As a pandemic will be caused by a new virus strain, we cannot predict its precise characteristics, impact, whom it might affect most or when it might strike. It could start in the UK, although it appears more likely that it will originate in some other part of the world, but we would probably only have a 2–4-week warning period before it arrives here.

Attempts to contain its spread – such as travel restrictions – are only likely to delay its arrival, and once in the UK it is likely to spread to all major centres of population within 1–2 weeks. We would then expect it to develop as one or more “waves”, each lasting up to 15 weeks, with a gap of weeks or perhaps months between them.

Because of the numbers expected, most patients will need initial assessment and subsequent care outside hospital, so primary care will be very much at the frontline of the health response.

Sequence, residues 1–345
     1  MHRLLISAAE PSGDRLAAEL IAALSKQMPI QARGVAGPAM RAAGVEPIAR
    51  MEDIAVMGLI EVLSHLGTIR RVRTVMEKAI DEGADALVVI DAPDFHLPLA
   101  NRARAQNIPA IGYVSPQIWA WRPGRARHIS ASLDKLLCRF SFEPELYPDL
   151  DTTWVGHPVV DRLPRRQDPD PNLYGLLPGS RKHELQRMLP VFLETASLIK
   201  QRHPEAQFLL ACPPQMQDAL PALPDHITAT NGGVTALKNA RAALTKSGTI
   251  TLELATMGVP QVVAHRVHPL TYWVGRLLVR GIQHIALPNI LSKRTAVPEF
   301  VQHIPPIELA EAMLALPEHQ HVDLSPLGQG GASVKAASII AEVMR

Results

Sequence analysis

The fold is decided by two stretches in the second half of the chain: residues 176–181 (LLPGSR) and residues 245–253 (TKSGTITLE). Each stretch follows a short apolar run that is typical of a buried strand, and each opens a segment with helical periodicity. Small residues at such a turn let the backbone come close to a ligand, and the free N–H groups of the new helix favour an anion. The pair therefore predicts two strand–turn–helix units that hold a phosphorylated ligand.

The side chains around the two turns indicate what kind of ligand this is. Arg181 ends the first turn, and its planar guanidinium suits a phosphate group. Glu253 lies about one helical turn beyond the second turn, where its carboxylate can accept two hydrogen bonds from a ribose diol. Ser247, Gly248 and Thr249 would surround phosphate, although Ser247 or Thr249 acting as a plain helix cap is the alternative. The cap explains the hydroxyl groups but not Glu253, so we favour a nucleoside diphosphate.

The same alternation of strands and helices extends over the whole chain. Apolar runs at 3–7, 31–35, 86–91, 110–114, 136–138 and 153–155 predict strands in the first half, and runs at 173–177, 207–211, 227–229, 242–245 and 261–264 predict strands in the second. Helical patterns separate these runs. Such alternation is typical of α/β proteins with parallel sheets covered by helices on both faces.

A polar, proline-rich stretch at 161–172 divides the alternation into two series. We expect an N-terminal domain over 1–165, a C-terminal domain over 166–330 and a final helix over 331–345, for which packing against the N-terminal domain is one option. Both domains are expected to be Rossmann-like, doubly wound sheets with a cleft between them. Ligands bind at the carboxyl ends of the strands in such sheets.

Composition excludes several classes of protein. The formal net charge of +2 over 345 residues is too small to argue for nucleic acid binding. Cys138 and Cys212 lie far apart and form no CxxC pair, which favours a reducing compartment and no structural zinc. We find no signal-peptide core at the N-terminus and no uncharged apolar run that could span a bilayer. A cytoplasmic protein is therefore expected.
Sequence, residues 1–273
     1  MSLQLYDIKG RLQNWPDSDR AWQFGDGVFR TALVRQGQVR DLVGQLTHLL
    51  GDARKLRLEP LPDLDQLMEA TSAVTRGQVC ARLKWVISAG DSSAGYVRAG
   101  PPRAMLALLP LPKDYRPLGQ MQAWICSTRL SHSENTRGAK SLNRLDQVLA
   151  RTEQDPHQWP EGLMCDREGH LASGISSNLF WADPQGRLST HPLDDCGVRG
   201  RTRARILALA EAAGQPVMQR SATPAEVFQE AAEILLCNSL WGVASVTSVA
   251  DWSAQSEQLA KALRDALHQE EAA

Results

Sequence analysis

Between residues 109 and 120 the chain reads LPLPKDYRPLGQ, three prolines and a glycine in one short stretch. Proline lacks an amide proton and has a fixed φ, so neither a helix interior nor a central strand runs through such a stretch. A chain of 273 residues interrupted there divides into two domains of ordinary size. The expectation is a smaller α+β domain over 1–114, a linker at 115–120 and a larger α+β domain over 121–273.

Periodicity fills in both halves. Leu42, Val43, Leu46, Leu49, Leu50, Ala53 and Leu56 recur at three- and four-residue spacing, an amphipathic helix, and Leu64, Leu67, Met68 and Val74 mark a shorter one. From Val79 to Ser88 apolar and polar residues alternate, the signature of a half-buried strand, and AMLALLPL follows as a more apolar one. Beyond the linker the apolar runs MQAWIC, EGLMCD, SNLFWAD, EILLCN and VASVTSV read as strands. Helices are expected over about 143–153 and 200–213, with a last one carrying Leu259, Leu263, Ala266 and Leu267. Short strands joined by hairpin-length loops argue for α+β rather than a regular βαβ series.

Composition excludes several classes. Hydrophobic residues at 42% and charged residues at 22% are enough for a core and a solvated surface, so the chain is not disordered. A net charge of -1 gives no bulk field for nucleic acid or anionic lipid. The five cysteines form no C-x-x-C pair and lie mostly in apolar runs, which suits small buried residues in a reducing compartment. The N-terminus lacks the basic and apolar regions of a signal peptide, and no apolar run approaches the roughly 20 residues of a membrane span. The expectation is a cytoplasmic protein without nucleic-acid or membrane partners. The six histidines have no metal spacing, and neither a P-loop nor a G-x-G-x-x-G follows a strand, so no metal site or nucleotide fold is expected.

Planning assumptions
A pandemic would cause major international and national disruption, affecting every aspect of normal life, but it would make particularly heavy demands on health and social care.

Because we cannot be sure how serious the health impact will be – or begin to develop a specific vaccine to protect against it – until the pandemic starts, we need to develop flexible plans based on assumptions derived from an analysis of past pandemics, mathematical modelling and expert knowledge.

For health planning purposes, the most important assumptions are:

  • Up to 50% of your patients may show clinical symptoms of influenza over the course of a pandemic.
  • Up to 22% of those influenza cases can be expected to occur during the “peak week” of the pandemic wave.
  • Up to 25% of those with symptoms may develop complications.
  • Up to 32% of those with symptoms – which includes all children under seven (who may need antiviral in solution) – need to be assessed by general practice.
  • Up to 4% of those who are symptomatic may require hospital admission (if sufficient capacity is available) with a six-day average length of stay.